sixties. Perhaps there was a moderating effect informally, especially on the question of any
alteration of Baptist Independency. As for the BRF as a movement, the Union would appear to
have been frankly dismissive of it, beyond giving its representatives a polite hearing. The result
was unsurprising: growing conservative alienation and marginalization. Nor was that only at a
theological or academic level. Hesters Way demonstrates how division could become personal,
bitter and intransigent. It drove a Baptist Superintendent to prophesy divine judgment upon a
colleague to his face, and a conservative theologian to declare that God could not bless a
denomination that disagreed with him. Division was an experience, not just a debate.
How Much of a Man was 1esus?`
The Christological Controversy of 1971
The subject of this chapter will be the Christological controversy of 1971 which began at
the 1971 Baptist Assembly and its development until the November 1971 BU Council Meeting.
It arose in reaction to some liberal theological views concerning Christ expressed by Michael
Taylor, the Principal then of Northern Baptist College. Taylor rejected the traditional formulation
oI Christ`s Deity and humanity in an address entitled How Much of a Man was Jesus?`
widely understood to have effectively denied the orthodox doctrine of the Deity of Christ, which
led on the one hand to conservatives asserting traditional orthodoxy as denominational policy
and on the other, to the Union leadership resisting them in favour of allowing greater theological
The importance of this controversy in a study of the BRF is at least threefold. First, some
explanation is needed of the BRF mounting a self-contradictory campaign of protest by
reclaiming their representative status in the BU after having declared the time for such dialogue
to be over. Secondly, an assessment is needed of the BRF plan to create a conservative
evangelical alternative to the BU, a plan that was taken very seriously at the time both by its
supporters and detractors. Thirdly, it is necessary to consider how and why this episode brought
about the end of the BRF as a denominational movement. These issues are so completely
interwoven that the controversy will be considered chronologically and in two chapters, the first
1ŚĞ ĨƵůů ƚĞǆƚ ŽĨ 1ĂǇůŽƌ͛Ɛ ĂĚĚƌĞƐƐ ŝƐ ĐŽŶƚĂŝŶĞĚ in Appendix Eight.
covering the period from the 1971 Assembly to the November BU Council, and the second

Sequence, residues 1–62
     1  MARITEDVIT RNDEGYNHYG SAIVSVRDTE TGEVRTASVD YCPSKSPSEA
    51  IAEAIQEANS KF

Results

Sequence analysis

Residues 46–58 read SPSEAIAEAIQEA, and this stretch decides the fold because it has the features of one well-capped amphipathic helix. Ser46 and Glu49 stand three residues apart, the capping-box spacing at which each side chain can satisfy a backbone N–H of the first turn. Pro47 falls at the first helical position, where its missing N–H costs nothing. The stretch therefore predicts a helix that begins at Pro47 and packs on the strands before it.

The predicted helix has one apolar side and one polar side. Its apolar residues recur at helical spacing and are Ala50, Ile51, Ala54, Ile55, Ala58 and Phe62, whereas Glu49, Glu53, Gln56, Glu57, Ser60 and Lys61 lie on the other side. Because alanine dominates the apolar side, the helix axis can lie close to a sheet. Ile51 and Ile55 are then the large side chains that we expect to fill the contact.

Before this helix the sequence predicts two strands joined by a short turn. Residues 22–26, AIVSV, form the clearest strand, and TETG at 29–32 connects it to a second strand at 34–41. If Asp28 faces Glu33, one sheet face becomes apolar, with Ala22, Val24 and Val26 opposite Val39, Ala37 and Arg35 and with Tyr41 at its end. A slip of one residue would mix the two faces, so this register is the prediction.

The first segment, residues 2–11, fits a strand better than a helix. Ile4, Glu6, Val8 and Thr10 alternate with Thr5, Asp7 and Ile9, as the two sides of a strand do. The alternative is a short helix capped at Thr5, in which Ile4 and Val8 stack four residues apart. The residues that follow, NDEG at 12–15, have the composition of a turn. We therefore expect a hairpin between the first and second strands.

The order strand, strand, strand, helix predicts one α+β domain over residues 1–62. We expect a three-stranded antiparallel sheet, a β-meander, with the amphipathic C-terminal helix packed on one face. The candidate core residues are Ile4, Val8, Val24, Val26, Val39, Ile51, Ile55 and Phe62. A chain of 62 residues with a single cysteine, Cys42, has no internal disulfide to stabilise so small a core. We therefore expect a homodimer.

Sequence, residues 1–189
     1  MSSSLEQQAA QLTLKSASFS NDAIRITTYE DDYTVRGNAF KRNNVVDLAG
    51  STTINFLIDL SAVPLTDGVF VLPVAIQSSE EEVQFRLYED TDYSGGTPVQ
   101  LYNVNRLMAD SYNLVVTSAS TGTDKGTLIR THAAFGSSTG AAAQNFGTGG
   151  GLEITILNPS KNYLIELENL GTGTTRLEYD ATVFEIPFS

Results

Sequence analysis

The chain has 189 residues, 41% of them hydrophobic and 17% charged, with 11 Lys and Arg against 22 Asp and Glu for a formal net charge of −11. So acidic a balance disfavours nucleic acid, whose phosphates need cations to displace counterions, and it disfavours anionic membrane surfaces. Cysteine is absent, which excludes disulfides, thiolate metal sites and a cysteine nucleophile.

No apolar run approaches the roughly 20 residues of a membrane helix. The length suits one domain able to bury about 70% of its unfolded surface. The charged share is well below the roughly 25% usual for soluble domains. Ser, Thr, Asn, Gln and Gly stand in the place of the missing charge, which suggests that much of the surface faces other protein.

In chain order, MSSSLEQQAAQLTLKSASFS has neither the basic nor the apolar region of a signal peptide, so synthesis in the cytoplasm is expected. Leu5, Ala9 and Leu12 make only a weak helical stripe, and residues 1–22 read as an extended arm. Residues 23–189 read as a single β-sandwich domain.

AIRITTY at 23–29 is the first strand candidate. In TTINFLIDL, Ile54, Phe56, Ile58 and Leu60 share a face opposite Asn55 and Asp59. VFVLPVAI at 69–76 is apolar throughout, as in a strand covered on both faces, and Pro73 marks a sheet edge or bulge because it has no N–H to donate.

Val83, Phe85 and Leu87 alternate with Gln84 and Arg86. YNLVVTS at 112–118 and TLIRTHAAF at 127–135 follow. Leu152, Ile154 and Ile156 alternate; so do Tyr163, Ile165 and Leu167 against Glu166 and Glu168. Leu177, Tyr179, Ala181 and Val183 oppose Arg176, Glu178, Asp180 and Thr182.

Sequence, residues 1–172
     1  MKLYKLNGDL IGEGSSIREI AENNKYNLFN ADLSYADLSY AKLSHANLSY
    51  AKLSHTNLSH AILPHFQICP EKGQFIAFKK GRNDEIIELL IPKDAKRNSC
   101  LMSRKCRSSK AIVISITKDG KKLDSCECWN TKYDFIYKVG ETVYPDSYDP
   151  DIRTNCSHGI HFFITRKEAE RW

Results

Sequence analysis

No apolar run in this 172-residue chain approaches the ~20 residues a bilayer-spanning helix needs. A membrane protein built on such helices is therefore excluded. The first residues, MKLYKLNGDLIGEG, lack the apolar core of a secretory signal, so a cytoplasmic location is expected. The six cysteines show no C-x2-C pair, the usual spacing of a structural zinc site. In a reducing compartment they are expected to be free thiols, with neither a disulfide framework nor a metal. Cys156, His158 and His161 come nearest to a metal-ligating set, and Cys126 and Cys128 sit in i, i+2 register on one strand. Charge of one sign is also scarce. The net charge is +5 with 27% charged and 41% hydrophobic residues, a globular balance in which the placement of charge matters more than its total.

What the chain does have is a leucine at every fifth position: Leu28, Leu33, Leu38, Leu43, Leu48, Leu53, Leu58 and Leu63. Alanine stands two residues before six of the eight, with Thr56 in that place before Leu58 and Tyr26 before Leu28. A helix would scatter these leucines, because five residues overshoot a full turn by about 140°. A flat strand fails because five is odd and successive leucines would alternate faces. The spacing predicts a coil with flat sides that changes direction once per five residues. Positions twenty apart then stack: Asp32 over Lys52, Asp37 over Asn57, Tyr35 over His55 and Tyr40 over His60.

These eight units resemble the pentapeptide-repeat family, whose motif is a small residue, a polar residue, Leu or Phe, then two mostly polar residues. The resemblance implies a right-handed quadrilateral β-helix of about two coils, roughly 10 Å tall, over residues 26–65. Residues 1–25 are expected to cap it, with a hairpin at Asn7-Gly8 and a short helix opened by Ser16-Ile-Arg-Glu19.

covering the period from then until the 1972 Assembly.
The 1971 Assembly and the beginning of the cont roversy
The 1971 Baptist Assembly was held at Westminster Chapel from April 26 to April 29.
The Assembly Programme Committee was chaired by the Regent`s Park Baptist College
Principal, Gwynne Henton Davies (1906-1998), in his position as the BU Vice President for that
Russell was on the committee as General Secretary and in view of the aftermath it is
notable that so were Geoffrey King and Sir Cyril Black (1902-1991), the latter a leading
conservative evangelical layman who had retired the previous year after twenty years as the
Conservative MP for Wimbledon.
King and Black were also prominent in the work of the
Evangelical Alliance, where the controversy would also make its presence felt and so were
important links in the chain of events that would unfold.
The Programme Committee was
convened with a struggle already taking place between Henton Davies and Russell to control the
1971 theme. Russell wanted to focus on his first major strategy paper, Ministry Tomorrow while
Henton Davies wanted some theocentric thought` because he Ielt that the assemblies had for too
long been Iocused on the human element oI our situation`. He proposed several themes, one of
The BU Presidency was an annual appointment preceded by one year in the Vice-Presidency during which the
candidate joined senior BU meetings and planned the Assembly at which he or she would take office. Presidents
then became life members of the BU Council so that their experience was not lost and their influence, such as it
might be, became permanent.
BU CŽƵŶĐŝů MŝŶƵƚĞƐ ;ŚĞůĚ Ăƚ ƚŚĞ AŶŐƵƐ LŝďƌĂƌǇ͕ 8ĞŐĞŶƚ͛Ɛ ÞĂƌŬ CŽůůĞŐĞ͕ CǆĨŽƌĚͿ͗ Minutes of the Assembly
Programme Committee held on Thursday, June 25, 1970
Information obtained by a comparison of the Council Minutes of the Evangelical Alliance for the years 1965 until
1972 (held in the EA archives).
which was Centrality the Centrality oI God, oI Christ, oI the Holy Spirit, and the Cross`.
Davies won the day, though Russell did obtain some time for his report.
The Assembly Programme Committee next met on September 7.
The theme and the
addresses had been modified, building now on the motif of God`s 'Presence¨` with three
questions. Of the Father it would be asked, How dead is God?` The question regarding the Son
would be, How much oI a man was Jesus?` And regarding the Holy Spirit, the issue would be,
Is the Holy Spirit a Ghost?` No clear preference is indicated by the Committee minutes
concerning the various names proposed as speakers. It was only at its December meeting that the
result was announced: John Huxtable, the United Reformed Church leader, had agreed to give
the first address; Michael Taylor, the young Principal of Northern Baptist College would give the
second; and B. R. White, the Baptist historian who was then a junior colleague of Henton
Davies, the third.
John Stott, the leading Evangelical Anglican, would also speak at the
Assembly, but had been invited separately by the BMS for its usual Valediction Service at the
It has sometimes been suggested in retrospect, by conservative evangelicals and others,
that Henton Davies deliberately engineered the controversy in order to discomfort